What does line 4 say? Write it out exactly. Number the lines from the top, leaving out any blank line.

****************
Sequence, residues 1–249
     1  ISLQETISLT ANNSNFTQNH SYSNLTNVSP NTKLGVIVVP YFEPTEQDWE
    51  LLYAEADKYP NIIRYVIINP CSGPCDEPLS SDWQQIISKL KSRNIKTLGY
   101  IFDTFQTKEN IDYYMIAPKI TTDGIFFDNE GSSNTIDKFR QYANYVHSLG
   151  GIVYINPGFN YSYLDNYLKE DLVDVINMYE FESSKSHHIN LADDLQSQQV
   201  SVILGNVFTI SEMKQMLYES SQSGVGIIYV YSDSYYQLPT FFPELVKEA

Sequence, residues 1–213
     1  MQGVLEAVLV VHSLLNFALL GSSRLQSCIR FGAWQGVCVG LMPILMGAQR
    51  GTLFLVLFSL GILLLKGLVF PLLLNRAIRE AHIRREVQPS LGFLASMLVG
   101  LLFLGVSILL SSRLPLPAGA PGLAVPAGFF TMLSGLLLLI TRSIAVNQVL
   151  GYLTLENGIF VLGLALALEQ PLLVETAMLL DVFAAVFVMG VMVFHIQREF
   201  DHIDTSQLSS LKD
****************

   101  IFDTFQTKEN IDYYMIAPKI TTDGIFFDNE GSSNTIDKFR QYANYVHSLG